Tuesday, February 12, 2008

Barnacles - Striped barnacle and Ivory Barnacle

I was walking near the pier on Ocean Isle Beach, NC and noticed all the barnacles on the pier pilings.
Surprise, surprise, these are crustaceans! The crustaceans you are used to seeing, lobsters, shrimp, and crabs are in the subclass Malacostraca, but barnacles are in the subclass Cirripedia. They have fewer appendages and segments and their organs are rearranged. In fact, the barnacles that are attached to surfaces are thought to be attached by their heads!
Most barnacles are hermaphroditic and they cross fertilize their eggs. They drift though the water and find a suitable place to attach. As they mature, their mantle secretes an external shell. They have plates that interlock by overlapping and in the center they have two sets of plates that act as a door. When in the water, the barnacle opens and closes it’s doors and it extends it’s cirri (feathery legs) and catches any plankton or detritus in the water. They are filter feeders. After they mature,they put out a chemical which attracts other barnacles. That’s why you will find them in clusters. Most live attached to firm surfaces like pilings (where these pictures were taken), rocks, oysters , boat bottoms or even turtles, whales and crabs .Early naturalists misclassified barnacles as mollusks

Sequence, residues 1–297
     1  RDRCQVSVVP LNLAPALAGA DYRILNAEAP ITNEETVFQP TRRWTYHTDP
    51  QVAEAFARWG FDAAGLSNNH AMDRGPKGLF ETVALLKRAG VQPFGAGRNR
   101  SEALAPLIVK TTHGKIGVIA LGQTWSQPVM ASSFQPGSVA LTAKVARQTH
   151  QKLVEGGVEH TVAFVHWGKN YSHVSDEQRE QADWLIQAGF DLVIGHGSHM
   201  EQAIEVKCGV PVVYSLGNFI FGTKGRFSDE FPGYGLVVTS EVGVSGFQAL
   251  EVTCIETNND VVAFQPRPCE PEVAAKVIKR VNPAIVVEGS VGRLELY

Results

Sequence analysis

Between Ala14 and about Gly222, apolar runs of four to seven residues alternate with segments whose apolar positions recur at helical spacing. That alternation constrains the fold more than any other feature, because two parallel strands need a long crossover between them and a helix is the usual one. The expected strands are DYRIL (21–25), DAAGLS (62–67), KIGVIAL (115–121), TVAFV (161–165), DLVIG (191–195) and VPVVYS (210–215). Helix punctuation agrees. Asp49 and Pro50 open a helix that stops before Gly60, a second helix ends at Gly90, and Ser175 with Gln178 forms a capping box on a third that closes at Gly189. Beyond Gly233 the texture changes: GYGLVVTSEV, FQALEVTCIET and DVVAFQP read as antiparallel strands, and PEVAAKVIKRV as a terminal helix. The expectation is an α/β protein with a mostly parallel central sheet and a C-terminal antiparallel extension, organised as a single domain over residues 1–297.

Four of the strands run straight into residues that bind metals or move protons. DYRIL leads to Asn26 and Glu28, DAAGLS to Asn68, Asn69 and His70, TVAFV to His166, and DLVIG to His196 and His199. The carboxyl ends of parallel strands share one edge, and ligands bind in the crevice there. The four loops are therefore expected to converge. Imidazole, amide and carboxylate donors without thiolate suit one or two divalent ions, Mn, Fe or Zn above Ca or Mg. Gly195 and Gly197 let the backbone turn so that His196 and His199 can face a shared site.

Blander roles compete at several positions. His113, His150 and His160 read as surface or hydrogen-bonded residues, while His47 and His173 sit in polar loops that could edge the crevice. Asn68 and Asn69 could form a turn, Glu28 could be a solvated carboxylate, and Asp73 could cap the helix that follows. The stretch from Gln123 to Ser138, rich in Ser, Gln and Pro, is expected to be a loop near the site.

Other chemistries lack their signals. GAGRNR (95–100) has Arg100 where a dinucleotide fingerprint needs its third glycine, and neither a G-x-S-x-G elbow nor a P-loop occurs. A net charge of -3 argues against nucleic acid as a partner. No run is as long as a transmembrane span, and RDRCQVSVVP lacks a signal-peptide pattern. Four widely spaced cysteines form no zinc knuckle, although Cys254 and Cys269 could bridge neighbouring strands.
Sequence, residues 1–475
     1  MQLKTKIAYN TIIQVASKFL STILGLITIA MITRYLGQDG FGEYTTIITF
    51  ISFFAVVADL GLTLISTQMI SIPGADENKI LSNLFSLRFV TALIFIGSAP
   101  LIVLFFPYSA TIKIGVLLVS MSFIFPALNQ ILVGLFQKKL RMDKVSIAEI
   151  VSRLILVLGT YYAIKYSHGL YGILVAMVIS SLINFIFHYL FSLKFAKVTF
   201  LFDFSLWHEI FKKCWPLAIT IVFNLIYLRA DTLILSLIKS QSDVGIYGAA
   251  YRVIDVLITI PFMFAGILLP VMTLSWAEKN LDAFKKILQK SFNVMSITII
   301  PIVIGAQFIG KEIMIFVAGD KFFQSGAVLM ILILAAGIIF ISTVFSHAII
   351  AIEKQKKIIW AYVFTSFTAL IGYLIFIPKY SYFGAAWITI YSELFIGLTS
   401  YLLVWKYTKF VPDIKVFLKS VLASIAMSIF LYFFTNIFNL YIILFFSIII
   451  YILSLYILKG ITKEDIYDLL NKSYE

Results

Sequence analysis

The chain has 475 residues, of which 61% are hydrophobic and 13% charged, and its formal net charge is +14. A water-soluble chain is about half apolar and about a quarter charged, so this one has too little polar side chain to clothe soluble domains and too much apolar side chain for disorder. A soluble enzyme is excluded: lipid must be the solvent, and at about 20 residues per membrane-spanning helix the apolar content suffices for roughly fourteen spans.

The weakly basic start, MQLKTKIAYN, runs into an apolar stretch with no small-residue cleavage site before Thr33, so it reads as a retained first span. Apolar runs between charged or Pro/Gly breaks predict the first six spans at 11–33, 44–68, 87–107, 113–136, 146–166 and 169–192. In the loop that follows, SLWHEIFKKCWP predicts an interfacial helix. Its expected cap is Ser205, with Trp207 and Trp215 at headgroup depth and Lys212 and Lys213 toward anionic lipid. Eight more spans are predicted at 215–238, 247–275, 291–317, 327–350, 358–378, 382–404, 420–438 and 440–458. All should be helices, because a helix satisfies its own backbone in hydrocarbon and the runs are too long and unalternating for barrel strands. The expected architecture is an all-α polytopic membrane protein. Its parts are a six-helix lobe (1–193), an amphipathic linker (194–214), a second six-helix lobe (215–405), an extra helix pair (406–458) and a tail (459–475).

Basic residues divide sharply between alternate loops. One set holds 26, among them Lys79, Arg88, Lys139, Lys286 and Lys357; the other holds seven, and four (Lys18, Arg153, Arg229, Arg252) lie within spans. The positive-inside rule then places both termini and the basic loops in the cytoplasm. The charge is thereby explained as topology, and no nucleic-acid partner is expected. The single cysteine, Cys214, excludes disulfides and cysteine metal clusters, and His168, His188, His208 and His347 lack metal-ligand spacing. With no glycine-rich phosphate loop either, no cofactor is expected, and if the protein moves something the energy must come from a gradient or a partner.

because of the outer shell-like structure.

This is a Striped Barnacle Balanus crenatus.
It’s interesting because in the North, it is white with grey stripes and south of Cape Hatteras, it’s white with purple stripes.

It is very similar to the Ivory Barnacle Balanus eburneus which is smooth and white. Seen below.

Someone sent me a video on bio-luminescence and camouflage in sea creatures and I thought it was very interesting.
Click on the link below to watch.

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